Cutting Edge? All the Better

Today's communication tools are limited only by the capabilities of the delivery systems. As bandwidth gets broader and wireless solutions find their place, expect new systems and solutions to keep your giant audiences linked up and tuned in to your meeting message and objectives.

Conference Planners' Busby believes it's the attendees who drive deployment of new technology tools. “Each of the applications [we have used] has been evaluated by our attendee bases and has always scored in the top echelon of the scorecard,” she says. “For IT events, the more cutting edge, the more they like it.”

Personal Web Pages

Fast Company, one of today's most watched business publications, has expanded into the meetings business with two RealTime conferences and about nine Future Forums each year. Boston-based Fast Company Live may not put on mega events, but the innovative Web-based tools used to bring audiences together have fascinating possibilities for larger meetings.

At check-in, attendees receive e-mail accounts unique to the event, and can go online at a cyber café to e-mail one another, access bulletin boards, and create buddy lists. But the real innovation is the interaction made possible by personal Web pages. Attendees are invited to create personal Web pages, or “profiles,” before and during the event. A template-driven system makes it possible, even for the technically illiterate, to quickly create a page. Attendees can search profiles to find conference-goers with similar interests and invite them to join impromptu gab sessions.

To assure that as many people as possible take advantage of the system, attendees must register for their conference sessions online after they arrive on-site. While registering, they are asked to create profiles, set up their e-mail accounts, and answer a series of questions. This way, participants access the online system at least once and get an understanding of what it can do.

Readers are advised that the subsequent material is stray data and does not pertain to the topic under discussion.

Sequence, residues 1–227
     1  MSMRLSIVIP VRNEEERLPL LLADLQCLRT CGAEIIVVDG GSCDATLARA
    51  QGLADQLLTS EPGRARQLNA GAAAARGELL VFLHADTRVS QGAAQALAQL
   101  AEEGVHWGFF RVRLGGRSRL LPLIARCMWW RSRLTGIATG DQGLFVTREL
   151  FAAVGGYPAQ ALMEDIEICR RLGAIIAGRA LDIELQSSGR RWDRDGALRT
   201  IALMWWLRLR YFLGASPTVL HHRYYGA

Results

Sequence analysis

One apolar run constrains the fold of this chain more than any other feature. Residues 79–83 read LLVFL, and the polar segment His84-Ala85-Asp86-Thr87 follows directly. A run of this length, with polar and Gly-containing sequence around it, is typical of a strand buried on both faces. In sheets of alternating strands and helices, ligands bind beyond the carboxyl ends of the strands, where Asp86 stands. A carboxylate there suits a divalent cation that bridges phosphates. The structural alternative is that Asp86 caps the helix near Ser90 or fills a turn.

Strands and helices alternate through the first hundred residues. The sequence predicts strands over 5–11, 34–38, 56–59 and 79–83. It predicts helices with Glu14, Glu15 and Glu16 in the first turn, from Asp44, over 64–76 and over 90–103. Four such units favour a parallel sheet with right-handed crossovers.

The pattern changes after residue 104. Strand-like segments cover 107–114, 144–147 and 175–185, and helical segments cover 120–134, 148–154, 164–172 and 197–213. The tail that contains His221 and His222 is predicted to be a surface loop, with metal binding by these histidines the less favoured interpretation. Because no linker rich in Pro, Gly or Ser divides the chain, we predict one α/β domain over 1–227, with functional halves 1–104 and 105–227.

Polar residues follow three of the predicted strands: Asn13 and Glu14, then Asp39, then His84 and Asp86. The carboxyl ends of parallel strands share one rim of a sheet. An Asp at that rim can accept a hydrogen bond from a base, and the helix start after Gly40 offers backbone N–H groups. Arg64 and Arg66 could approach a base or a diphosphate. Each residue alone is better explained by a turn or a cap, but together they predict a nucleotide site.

Elizabeth Busch, director of Fast Company Live, explains that the conferences' interactive elements “help to bring the magazine to life and create a community feel.”

Nightly Webcasts

Cleveland, Ohio-based webcasting solutions provider has developed an innovative application for delivering daily conference programming updates to attendees. Born out of its weekly business breakfast series of “talk shows” delivered to corporate viewers in the Cleveland area via the Internet, has come up with a similar format to deliver conference updates, daily wrap-ups, or status reports on the conference via live or archived webcasts. Attendees can view the daily programming from their laptops each night.

The software contains a live chat feature that allows viewers to communicate during the broadcast and a polling application that lets session moderators ask questions. These tools could be a way for conference managers to solicit feedback on a daily basis. Another feature of's software is the ability to push documents, pdf files, PowerPoint presentations, URLs, and other collaboration tools through to the viewer during the webcast.